What is your marketing worth?
I see an important element in pricing freelance and consulting services that gets no discussion, but it shapes pricing on most every project.
The price you will get paid is in large part a function of how you obtain assignments. In other words, it’s about how you market.
Some marketing techniques support higher fees. Referrals from trusted and / or influential people; polished marketing materials, whether print or online; relationship-based social networking and one-on-one contacts are among the marketing methods associated with more money.
Online assignment bidding sites and Craigslist are associated with lower fees.
Some argue these services are wrong to broker such low-paying work because writing, graphics, etc. is “worth more than that.” Yes, we wish they paid better.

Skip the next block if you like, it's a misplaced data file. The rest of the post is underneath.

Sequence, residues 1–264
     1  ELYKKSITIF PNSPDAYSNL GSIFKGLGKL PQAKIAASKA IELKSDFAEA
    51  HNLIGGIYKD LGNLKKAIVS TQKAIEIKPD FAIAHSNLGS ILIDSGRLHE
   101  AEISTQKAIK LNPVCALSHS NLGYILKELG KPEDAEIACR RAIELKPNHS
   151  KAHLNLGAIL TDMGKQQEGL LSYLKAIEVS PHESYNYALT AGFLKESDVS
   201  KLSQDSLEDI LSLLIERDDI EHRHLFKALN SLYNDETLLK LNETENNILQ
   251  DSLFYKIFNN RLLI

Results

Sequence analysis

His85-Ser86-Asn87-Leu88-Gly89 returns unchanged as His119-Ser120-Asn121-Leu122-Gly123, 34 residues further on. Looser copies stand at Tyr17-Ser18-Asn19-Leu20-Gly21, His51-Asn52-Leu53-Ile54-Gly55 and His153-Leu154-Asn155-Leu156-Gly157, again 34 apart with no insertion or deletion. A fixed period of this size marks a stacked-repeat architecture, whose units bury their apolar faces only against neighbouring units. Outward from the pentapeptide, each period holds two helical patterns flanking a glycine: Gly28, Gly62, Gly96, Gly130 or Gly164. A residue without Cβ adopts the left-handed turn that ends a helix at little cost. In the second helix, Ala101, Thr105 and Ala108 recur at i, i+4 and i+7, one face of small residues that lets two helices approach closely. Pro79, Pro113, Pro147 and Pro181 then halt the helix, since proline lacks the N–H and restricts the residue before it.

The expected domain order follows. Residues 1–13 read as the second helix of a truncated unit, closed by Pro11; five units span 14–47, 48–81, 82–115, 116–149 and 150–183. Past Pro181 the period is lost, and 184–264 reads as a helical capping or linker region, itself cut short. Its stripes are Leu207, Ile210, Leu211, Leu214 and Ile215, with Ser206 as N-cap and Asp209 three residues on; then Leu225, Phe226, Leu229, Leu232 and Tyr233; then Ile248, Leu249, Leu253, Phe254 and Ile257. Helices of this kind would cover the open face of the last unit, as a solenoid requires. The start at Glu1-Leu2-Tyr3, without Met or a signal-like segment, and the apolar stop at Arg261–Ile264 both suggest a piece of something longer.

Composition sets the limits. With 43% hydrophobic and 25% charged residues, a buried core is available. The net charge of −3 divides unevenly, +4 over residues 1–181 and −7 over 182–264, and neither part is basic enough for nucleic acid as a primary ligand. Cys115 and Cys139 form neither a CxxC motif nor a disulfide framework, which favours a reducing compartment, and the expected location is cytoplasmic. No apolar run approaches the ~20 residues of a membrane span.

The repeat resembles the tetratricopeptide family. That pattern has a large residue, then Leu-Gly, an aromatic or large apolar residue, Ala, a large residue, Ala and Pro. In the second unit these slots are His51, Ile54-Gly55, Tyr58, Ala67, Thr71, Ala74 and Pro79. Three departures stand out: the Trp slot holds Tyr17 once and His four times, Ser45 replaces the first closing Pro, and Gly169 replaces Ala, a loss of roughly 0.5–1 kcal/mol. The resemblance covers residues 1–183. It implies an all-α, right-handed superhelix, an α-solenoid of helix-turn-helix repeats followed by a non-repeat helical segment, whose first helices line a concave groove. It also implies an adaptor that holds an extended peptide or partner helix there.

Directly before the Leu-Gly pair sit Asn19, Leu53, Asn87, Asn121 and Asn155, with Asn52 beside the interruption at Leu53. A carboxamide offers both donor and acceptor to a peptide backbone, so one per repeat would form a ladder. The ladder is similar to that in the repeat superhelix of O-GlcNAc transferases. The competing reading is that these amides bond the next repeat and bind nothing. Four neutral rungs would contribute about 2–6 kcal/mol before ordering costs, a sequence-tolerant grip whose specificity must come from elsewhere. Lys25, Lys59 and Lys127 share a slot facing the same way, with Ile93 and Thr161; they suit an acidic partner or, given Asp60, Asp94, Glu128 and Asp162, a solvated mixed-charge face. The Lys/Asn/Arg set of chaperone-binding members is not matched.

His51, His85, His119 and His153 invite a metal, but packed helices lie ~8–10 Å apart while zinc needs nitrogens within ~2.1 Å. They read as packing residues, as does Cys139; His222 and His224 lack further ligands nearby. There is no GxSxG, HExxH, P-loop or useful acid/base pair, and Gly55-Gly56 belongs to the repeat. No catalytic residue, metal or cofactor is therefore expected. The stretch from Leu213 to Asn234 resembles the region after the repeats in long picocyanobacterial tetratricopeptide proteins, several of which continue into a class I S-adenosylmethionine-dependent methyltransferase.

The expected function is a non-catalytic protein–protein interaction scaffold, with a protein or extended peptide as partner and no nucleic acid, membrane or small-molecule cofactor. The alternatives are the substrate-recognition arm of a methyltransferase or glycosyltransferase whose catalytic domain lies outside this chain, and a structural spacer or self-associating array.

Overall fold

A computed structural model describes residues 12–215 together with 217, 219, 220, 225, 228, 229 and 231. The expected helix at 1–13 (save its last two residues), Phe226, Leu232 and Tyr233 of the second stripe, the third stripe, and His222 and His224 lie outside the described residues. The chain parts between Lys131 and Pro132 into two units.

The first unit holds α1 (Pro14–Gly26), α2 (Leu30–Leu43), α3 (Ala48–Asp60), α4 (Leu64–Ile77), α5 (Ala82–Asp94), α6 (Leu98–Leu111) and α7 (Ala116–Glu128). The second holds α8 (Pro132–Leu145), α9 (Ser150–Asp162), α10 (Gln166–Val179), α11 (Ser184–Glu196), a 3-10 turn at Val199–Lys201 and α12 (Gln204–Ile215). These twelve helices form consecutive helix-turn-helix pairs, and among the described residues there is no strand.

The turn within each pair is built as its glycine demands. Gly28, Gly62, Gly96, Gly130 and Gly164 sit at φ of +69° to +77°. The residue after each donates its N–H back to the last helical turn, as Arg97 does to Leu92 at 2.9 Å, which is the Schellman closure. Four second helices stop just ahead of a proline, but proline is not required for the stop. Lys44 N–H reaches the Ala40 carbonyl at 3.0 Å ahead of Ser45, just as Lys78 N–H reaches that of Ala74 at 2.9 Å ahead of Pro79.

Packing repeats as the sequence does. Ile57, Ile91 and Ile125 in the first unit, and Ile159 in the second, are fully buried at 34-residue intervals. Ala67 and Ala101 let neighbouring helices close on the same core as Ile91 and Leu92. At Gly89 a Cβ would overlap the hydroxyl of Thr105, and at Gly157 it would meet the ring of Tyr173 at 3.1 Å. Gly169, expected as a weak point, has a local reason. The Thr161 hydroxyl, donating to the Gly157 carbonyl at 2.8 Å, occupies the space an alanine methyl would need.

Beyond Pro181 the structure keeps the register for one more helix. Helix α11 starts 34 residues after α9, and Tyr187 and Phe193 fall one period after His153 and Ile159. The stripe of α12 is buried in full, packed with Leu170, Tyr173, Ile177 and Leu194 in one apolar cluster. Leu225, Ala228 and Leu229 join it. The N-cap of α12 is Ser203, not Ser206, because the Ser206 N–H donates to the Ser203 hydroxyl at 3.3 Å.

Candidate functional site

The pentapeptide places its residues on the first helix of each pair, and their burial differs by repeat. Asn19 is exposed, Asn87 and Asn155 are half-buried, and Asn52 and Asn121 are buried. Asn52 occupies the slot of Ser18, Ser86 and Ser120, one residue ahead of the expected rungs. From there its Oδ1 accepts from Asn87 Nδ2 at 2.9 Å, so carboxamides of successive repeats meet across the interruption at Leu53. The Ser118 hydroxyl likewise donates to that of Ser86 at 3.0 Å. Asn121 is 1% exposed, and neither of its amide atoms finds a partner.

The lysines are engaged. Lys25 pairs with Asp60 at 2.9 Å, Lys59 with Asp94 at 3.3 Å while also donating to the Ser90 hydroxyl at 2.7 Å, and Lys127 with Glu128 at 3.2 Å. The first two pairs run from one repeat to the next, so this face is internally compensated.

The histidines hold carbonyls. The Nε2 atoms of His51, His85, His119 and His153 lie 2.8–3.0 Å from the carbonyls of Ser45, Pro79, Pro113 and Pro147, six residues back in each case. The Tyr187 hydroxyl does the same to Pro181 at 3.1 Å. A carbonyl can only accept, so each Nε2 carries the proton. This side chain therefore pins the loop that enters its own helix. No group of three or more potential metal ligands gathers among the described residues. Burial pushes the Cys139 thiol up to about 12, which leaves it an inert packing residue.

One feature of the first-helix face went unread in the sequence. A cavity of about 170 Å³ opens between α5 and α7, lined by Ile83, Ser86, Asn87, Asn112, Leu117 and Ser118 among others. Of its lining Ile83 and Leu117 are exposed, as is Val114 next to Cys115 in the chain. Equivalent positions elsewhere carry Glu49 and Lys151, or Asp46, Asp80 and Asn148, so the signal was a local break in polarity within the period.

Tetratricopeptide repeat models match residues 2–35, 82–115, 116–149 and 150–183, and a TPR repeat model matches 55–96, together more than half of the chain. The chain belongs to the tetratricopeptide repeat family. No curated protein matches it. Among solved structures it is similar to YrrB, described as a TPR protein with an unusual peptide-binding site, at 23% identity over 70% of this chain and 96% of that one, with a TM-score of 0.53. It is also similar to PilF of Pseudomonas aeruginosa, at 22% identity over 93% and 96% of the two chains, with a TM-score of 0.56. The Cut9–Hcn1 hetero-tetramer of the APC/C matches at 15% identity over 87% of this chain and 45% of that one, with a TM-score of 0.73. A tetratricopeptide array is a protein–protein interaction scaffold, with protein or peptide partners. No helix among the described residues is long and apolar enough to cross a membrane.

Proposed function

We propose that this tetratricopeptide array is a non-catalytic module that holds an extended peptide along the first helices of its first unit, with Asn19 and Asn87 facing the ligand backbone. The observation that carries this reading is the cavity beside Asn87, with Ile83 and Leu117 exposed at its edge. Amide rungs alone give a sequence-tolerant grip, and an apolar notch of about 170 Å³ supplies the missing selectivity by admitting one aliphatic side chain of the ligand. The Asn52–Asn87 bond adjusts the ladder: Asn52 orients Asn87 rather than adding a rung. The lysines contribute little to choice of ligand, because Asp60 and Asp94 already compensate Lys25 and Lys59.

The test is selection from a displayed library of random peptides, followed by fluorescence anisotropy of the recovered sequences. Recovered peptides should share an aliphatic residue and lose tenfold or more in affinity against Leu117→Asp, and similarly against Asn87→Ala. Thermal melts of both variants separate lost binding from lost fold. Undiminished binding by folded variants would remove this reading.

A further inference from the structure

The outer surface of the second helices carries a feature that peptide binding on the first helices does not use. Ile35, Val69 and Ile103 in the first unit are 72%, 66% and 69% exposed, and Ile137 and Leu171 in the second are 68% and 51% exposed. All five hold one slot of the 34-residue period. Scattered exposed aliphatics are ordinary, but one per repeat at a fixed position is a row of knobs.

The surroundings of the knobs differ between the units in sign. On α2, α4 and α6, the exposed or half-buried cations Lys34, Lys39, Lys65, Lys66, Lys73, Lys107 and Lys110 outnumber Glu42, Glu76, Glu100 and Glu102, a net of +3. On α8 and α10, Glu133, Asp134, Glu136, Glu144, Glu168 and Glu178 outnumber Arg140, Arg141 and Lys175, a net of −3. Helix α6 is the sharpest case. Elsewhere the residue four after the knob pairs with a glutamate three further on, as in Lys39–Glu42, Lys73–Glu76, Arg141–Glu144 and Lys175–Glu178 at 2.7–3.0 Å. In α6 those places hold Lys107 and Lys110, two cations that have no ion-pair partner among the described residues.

Yes, it would be a happy world for solopros if we could simply post our ads in a nonthreatening way or respond to bid requests without getting our hands dirty. We could allow ourselves the timidity that comes easy to many of us.
I once had a husband (not my current husband) who videotaped weddings and other occasions. He wanted to relegate marketing to me. He assured me he was very hard working because he would fulfill any assignments that I brought to him. After all, he was a videographer and he was extremely conscientious about videography.
But it’s also unrealistic.
For the solopro, marketing (or overseeing marketing by others) is intrinsic to the work.
Some types of marketing bring in higher paying assignments than less personal, less professional or less expensive alternatives.
This is one reason (among many) why sample pricing guides found on the internet are ineffective. They don’t have a clue about the marketing that obtained these prices.
As you market your services, don’t assume that because you know that low-price sellers are readily available if you know where to look, that’s all you can charge.
And one reason is that certain marketing channels command higher fees.
I think so.
Or more importantly, what I “think” doesn’t matter.
This is simply how it works.
Originally posted 6-14-10